Emotional versus Emotion

When I started my business 10 years ago now, I learned some huge lessons as to how to control my emotions; most of which I failed in! Being emotionally and financially invested in the success of HR Heads meant that everything mattered, and I am not ashamed to say I cried in front of my backers on more than one occasion. I am sure this didn’t do much to confirm the confidence they had in me and subsequently I committed to myself that I wouldn’t cry or show emotion moving forwards.

Business is something that is continually talked about as being separate from emotion; ‘it’s not personal, it’s just business.’  Successful leaders are held up to be strong, dispassionate and clear thinkers, rational in their thought process and able to detach the people issue from a situation.

And yet, HR is the people’s business, simply put we are dealing with people.  Yes, the people are delivering the organisational goals; yes, they are often the most expensive resource a business has, and key people can be the ‘make or break’ of an organisation’s success. 

But are successful leaders really void of all emotion? And if so, does this make them the best they can possibly be?  I believe there is a middle ground and we should not have to be cold about business. Amy Golding (CEO of Opus Talent Solutions) was featured in the Sunday Times (24/02/19) and believes there is a big difference between getting emotional and being able to have emotion in the workplace and I agree with her.

When hiring senior HR professionals, there is significant emphasis placed on an individual’s emotional intelligence.  Many of the psychometric tools assess a person’s emotional intelligence, agility and nimbleness in dealing with different people in different situations.  We talk within HR Heads of shifting relationships from the IQ (knowledge and factually based) to the EQ (personally based) and find that business is more successful when we operate in the EQ space.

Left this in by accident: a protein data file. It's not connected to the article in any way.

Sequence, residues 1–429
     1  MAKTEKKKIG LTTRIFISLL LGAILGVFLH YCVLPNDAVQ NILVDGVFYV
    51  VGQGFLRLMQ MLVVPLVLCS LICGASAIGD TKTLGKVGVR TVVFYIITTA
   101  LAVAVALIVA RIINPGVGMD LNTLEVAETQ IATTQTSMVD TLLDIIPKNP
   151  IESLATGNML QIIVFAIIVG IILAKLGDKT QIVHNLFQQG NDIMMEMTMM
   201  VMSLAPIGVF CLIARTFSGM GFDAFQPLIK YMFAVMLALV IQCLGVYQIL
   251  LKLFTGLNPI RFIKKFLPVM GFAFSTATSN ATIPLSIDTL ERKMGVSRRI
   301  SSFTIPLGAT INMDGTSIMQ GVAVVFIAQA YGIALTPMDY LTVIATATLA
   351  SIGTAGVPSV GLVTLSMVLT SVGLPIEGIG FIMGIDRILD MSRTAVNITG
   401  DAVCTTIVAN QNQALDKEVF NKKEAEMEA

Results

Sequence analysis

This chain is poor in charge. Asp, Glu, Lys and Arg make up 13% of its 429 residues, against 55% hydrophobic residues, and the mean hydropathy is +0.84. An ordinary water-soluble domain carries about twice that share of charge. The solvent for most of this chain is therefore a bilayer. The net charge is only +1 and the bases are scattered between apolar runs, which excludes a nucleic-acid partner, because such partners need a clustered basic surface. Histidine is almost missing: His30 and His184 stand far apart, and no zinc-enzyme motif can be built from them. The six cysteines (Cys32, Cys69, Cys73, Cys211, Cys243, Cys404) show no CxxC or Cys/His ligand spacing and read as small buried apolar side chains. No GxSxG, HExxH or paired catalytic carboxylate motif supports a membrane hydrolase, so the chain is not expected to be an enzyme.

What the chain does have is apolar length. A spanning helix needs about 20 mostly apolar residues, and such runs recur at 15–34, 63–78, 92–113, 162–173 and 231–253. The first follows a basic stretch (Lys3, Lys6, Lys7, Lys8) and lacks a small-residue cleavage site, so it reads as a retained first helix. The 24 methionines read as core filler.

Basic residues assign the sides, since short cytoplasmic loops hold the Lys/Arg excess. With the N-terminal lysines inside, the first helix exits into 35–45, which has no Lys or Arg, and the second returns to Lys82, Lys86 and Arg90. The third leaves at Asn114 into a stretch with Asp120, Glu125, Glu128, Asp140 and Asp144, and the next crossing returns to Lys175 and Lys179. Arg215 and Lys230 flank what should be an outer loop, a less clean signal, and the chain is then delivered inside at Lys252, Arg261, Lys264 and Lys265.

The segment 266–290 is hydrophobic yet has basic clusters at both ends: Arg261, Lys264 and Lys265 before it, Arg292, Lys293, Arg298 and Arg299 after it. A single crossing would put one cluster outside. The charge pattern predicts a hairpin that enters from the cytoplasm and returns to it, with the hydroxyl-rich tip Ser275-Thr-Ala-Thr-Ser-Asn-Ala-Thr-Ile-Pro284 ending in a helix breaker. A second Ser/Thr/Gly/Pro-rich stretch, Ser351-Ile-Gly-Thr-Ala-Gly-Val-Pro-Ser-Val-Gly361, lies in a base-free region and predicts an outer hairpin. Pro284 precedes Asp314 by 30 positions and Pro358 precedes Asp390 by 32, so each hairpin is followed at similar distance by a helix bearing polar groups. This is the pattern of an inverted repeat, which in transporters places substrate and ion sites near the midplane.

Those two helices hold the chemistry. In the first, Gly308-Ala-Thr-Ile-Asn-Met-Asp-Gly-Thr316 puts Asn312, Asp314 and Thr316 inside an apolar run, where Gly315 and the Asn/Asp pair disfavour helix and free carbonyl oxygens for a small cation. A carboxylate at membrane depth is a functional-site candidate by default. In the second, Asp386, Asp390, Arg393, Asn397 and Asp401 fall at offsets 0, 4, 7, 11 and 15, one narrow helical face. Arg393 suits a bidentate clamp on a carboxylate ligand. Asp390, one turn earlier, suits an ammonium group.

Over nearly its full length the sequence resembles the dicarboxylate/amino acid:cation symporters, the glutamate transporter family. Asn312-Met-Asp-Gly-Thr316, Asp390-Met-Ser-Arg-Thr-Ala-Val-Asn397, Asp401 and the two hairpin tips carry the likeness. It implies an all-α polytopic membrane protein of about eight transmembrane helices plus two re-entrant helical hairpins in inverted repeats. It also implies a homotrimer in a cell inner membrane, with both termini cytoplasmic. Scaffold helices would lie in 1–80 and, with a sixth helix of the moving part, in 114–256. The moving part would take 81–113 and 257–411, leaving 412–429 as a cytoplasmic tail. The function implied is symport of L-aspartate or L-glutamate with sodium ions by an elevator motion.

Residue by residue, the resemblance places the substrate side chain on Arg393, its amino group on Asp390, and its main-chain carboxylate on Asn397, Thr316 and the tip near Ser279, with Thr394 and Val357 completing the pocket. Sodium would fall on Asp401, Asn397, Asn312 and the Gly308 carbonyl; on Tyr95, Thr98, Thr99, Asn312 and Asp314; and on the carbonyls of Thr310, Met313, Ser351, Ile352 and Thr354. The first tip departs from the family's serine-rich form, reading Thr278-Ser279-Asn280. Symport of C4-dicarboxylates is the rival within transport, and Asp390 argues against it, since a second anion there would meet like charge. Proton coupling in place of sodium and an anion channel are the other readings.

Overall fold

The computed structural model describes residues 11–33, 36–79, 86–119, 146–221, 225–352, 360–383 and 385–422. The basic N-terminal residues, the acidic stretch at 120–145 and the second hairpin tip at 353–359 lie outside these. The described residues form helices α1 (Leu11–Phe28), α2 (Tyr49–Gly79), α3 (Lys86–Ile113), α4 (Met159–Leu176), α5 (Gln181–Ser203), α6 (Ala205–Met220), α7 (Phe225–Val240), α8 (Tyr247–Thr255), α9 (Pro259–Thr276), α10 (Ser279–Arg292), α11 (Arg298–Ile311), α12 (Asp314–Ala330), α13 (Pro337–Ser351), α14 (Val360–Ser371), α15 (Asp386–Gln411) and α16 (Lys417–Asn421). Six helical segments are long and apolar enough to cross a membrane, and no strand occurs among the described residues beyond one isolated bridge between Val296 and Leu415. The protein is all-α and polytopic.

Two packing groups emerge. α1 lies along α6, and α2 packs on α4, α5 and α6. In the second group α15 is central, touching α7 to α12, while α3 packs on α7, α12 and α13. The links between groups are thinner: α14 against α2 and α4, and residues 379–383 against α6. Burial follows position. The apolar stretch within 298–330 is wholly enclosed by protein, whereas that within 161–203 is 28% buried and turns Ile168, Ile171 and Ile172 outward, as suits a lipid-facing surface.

This emotional intelligence can be your USP. People respond positively to passion and buy in to things you feel strongly about. It is key to how you take people on your journey as a leader and build engagement. Showing emotion can therefore be a very powerful tool.

Being emotional however, is a very different thing.  Often this emotion materialises as an outburst in a confrontation situation. Human nature means we react in a fight or flight manner. The key here is how you manage the situation and regain control.  By excusing yourself to regain your composure and then coming straight back to verbalise your thoughts, you can buy yourself time to think how you verbalise your frustration and address the matter.

What is fundamental, is that you don’t bury your emotions and shy away from confrontation. As HR professionals we must give and receive difficult messages as a regular part of our role. Being prepared and pre-empting situations will give you time to mentally work through the different ways a conversation might play out and this will remove some of the shock.

Jen Gaster

Founder and Director of HR Heads. Passionate about the innovative and successful recruitment of HR talent and creating strong, lasting networks built on trusted relationships. Industry specialist for the Hampshire region.
Connect with me on LinkedIn here